“We strongly urge you to consult and receive authorization from Congress before ordering the use of U.S. military force in Syria,” read a letter, signed by 98 Republicans and 18 Democrats in the House. “Engaging our military in Syria when no direct threat to the United States exists and without prior Congressional authorization would violate the separation of powers that is clearly delineated in the Constitution.” http://www.nytimes.com/2013/08/29/world/middleeast/legislators-push-for-vote-before-strike.html?ref=us Though Congress is not expected to reconvene until Sept. 9, the letter said that members were willing to return early to take up the question of using force in Syria. “We stand ready to come back into session, consider the facts before us, and share the burden of decisions made regarding U.S. involvement in the quickly escalating Syrian conflict,” read the letter.
Representative Scott Rigell said he was motivated to push for the vote because of Mr. Obama’s decision in 2011 to authorize airstrikes in Libya without Congressional permission — a decision that, at the time, also led to bipartisan concern about the role of Congress in approving military intervention. “There really is bad precedent in recent American history in the expansion of the executive branch’s interpretation of the authority the president has, and I believe his conduct in Libya is instructive to us here,” Mr. Rigell said. “I’m deeply troubled by this. I’m hoping the president will see the wisdom, and really the necessity, to follow the clear guidance provided in our Constitution.”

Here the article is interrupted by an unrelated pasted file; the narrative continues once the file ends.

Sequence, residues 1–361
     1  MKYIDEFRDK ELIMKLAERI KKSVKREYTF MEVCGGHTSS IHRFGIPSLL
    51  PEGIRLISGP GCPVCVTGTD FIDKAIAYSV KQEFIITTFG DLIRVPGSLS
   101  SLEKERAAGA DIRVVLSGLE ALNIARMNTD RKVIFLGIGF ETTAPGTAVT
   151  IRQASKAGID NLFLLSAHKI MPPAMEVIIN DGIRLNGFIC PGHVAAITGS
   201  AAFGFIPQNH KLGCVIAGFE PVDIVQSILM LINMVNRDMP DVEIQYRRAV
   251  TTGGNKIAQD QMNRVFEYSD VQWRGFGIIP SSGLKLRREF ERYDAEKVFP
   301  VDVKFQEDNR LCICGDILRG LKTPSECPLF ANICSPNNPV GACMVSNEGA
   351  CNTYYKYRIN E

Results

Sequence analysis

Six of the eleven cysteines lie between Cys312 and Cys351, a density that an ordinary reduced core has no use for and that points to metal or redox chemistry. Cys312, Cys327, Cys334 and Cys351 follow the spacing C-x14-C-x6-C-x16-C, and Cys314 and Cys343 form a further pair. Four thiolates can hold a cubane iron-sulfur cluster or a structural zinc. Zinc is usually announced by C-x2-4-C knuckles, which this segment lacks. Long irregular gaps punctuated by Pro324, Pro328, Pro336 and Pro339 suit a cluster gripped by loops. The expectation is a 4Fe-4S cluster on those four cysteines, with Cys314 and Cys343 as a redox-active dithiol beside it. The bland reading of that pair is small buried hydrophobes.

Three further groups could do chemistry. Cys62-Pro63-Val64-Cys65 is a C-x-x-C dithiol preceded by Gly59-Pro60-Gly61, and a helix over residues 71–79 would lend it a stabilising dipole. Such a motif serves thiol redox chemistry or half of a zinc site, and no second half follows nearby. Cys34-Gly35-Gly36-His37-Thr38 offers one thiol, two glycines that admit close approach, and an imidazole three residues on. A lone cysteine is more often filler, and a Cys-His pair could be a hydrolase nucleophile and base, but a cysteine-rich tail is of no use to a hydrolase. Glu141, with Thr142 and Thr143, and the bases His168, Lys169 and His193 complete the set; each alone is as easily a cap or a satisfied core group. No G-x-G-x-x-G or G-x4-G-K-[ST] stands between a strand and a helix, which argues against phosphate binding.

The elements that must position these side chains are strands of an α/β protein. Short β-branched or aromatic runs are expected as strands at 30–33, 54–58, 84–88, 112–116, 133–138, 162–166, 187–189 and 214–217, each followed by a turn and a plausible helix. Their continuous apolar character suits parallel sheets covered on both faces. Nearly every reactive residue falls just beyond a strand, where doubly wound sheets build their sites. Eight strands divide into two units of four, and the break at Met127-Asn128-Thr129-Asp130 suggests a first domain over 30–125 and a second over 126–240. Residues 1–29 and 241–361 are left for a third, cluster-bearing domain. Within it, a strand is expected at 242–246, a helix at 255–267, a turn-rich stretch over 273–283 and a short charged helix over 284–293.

The question of whether the administration needs Congressional approval before using military force in Syria has bridged party lines, with Democrats and Republicans urging the White House to consult with Congress, at the very least.
Far more legislators have sought Congressional input. In a statement on Wednesday, Senator Rand Paul, Republican of Kentucky, said there should be “an open debate in Congress” over United States intervention in Syria — and that final approval must go through the House and the Senate.
“The Constitution grants the power to declare war to Congress, not the president,” he said.
So far, White House officials have said only that they would consult with Congress before taking action — but have declined to say if they would seek Congressional authorization.